On top of that, though, the conflict between the Union and Britain meant that U.S. dependence on British coal was really on display as a potential problem. That reliance was concerning, but Denmark had been on the side of the Union, leaving their islands open for use as a coaling and supply station. Basically, there was just a lot of potential.
The Virgin Islands were near the Panama Canal
As History explains, the Spanish-American War really changed the status of the U.S. on the world stage. All of a sudden, it was a major imperial power, and so the eye of the U.S. government started turning toward some especially helpful territories.
The Panama Canal was one of those. Granted, there’s a lot of history about the Panama Canal and who originally wanted to build it and how it got built, but a really important part was just the fact that it was this dream when it came to international trade (via History). With it, travelling and trading back and forth between the Pacific and Atlantic Oceans were way easier. Of course, the U.S. wanted in on that, and after backing a revolution (again, this is a long story), the U.S. government ended up getting exclusive possession of the Panama Canal in 1903.
The next part of that, though, was how to protect it, and fortunately, the years lined up with when the U.S. was again in talks with Denmark about purchasing the West Indies. As the St. John Historical Society says, the West Indies were perfectly placed to fill that role. Really close to the newly opened Panama Canal, they could prove a convenient strategic asset when it came to defending the Canal.
The economic and strategic benefits of the Virgin Islands
The potential benefits that the U.S. saw to owning the West Indies really weren’t anything new. "An Historical Account of the Purchase and Transfer of the Danish West Indies" explains that the economic benefits really have their roots in the pre-Revolutionary War era, with the West Indies having always been a trade partner for the British colonies. Rum and sugar were coming out of the West Indies, and those were products that merchants in the colonies were regularly dealing with. Then, as time went on, trade didn’t really stop, with the West Indies becoming more and more tied into American business, so the fact that people were interested in the islands doesn’t seem like that much of a surprise.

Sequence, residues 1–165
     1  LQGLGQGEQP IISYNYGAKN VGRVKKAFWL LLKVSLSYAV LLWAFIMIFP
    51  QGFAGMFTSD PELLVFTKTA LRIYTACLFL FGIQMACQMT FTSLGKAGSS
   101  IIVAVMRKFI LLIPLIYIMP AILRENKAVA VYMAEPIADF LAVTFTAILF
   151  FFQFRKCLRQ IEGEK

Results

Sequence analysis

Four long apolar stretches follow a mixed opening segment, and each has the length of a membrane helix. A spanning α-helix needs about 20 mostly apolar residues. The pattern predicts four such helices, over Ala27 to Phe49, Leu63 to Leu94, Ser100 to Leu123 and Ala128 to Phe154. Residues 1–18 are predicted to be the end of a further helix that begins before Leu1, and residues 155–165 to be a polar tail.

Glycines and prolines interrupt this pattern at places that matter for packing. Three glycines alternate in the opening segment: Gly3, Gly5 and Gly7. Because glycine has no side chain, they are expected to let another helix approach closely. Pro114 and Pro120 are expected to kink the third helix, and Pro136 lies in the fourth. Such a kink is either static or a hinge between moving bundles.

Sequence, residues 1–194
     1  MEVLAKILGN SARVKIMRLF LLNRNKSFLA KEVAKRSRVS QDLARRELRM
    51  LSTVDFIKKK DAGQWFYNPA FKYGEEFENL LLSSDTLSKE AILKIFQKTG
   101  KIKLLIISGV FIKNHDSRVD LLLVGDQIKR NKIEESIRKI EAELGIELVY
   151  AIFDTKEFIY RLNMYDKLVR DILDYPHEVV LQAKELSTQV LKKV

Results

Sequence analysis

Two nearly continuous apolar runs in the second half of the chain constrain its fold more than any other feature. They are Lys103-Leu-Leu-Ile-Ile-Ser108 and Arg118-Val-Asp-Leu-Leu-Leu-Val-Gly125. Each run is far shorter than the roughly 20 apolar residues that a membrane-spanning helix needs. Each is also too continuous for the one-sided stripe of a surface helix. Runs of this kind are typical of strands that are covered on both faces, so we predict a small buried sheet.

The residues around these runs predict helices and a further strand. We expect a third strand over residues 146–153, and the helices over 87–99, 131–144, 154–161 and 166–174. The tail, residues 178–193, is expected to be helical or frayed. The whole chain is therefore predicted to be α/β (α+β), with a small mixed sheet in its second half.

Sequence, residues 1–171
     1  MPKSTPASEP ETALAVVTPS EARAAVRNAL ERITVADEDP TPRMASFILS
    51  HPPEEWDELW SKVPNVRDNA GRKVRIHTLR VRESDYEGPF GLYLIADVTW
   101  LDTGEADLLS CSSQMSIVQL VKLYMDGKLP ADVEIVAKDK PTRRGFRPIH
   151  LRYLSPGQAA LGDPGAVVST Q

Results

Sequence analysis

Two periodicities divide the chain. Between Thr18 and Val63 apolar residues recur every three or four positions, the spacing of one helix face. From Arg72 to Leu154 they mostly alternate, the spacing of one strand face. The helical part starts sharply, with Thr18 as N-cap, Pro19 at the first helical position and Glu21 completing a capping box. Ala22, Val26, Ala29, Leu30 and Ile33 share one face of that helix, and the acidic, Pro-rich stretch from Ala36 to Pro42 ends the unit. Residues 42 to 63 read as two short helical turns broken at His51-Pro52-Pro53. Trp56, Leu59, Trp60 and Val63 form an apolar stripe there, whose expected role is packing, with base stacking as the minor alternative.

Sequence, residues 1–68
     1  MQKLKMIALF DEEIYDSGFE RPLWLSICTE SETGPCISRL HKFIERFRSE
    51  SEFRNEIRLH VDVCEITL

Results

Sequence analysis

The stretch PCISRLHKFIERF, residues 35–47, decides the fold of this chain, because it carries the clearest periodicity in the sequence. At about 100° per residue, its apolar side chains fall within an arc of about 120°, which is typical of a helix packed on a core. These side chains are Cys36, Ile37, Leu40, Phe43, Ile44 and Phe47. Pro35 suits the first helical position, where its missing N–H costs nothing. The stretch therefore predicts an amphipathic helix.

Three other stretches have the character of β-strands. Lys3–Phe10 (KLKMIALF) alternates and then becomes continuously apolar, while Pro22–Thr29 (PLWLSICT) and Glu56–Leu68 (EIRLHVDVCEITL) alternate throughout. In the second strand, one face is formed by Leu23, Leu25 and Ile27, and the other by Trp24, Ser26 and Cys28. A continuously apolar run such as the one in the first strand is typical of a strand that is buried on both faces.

Then there were the strategic benefits, too, especially as the U.S. expanded its naval power. S.H.G.A.P.E. adds that, even shortly after the Civil War, one of the islands — St. Thomas — proved to be a strategic asset, what with its natural harbor. Really, though, the islands as a whole were ideal for a naval base, and if the U.S. could control that set of islands, then there was access to the entirety of the Caribbean, as well as the Atlantic and Pacific Oceans (because of the Panama Canal). Plus, they could serve as a pretty good base of operations to defend American assets in the area, or even the mainland itself, if things really went south.
The threat of Germany
In all fairness, really, what the U.S. was concerned about was the nearby presence of new foreign powers in the Caribbean. "An Historical Account of the Purchase and Transfer of the Danish West Indies" makes it clear it was just about European powers in general infringing on the American march toward supremacy in the Western Hemisphere. Spanish meddling, for example, also led to some fears about the stability and future of the region.